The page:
Online Jewish Education

The COVID-19 pandemic triggered a massive realignment in the delivery of Jewish education. Seemingly overnight, schools, synagogues and other Jewish Educational institutions moved their programming online and developed new programs. More American Jews are studying Jewish texts online than ever before.

But the sharp discontinuity of COVID-19 may have merely accelerated an ongoing trend. In the spring of 2020, a group of researchers (Kelman, et. al.) published a report describing the rapid growth of online Jewish education. They argued that Jewish education online makes Jewish education available to a wider population than ever before, allows individuals to customize their Jewish educational journey and connects them to a broad and diverse community of learners and teachers.

And yet, at this moment of radical change in the delivery of Jewish education, little is known about what is happening in these online environments. What outcomes do they seek to achieve and how effectively do they achieve them? Beyond satisfaction surveys, we know almost nothing about what teaching and learning looks like in synchronous online settings and whether it works. Specifically, does it work to:

  • build interest in Jewish life and practice?

  • build foundations of knowledge?

  • build language and text skills?

  • build interpretive skills?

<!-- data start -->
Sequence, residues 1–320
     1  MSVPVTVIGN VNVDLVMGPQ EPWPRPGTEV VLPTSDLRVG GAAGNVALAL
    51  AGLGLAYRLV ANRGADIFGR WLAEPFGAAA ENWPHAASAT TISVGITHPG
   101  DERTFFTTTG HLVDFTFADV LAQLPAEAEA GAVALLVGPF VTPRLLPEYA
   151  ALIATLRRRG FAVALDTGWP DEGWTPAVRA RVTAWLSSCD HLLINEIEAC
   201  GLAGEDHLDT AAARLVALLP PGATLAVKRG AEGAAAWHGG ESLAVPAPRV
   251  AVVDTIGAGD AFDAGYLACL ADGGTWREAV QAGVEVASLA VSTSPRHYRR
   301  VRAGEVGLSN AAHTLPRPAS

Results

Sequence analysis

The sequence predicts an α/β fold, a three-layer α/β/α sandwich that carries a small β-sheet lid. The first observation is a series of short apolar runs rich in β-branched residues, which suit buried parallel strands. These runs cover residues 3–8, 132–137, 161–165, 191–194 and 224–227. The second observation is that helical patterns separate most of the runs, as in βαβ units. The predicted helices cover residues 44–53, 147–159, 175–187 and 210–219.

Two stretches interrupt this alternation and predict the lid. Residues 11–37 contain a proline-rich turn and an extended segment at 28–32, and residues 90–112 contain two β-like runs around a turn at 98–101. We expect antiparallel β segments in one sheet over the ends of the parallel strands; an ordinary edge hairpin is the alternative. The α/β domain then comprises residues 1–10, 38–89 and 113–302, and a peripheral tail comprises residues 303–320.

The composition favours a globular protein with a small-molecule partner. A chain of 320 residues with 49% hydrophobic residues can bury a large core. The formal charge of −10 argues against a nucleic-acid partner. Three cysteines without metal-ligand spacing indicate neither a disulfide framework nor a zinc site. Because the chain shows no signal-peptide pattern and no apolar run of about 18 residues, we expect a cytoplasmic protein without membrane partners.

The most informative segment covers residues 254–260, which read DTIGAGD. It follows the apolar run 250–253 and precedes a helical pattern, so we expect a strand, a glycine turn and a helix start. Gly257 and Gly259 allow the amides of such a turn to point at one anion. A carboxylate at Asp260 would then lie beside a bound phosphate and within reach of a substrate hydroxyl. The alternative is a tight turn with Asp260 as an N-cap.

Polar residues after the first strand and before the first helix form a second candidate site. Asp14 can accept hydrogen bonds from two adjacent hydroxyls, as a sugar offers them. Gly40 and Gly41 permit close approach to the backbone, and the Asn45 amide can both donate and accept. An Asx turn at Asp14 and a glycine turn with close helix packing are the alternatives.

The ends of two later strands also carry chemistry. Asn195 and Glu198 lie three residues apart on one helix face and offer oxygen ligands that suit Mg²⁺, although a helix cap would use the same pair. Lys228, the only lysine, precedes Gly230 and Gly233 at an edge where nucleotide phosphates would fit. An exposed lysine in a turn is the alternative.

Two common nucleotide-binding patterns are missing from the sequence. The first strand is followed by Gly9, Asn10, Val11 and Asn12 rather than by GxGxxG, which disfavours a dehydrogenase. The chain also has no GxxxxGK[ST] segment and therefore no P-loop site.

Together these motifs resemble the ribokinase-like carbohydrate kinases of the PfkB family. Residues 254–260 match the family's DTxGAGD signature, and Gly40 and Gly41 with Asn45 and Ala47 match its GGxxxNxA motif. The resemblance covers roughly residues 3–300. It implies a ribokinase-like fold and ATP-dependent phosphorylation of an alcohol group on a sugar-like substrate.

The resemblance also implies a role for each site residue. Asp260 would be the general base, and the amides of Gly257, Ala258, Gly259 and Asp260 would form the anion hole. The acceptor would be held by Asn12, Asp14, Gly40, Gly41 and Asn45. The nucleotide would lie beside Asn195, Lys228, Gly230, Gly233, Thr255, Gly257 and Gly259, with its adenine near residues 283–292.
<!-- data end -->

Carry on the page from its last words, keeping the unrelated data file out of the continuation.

• build connections between people and communities?

To address this gap in knowledge and to prepare the field of Jewish education for a future which will almost certainly include an enormous online component, scholars and researchers investigated the implications of synchronous, online learning for the future of Jewish education.

Across life-stages and settings, but focused on the teaching and learning of Jewish texts online, the studies explored the following questions:

  • How does traditional text learning transform when it moves online?

  • What new approaches to teaching and learning, if any, do synchronous online platforms make available?

  • What barriers do teachers and students experience in synchronous, online settings? How do they overcome these barriers?

  • What advantages do teachers and students experience in synchronous, online settings? How do they utilize these advantages?

On Oct. 26 and Nov. 2, 2021 the researchers explored their findings in discussions with study participants. Watch the videos from the events.

This project was supported by the Lippman Kanfer Foundation for Living Torah.

Public Scholarship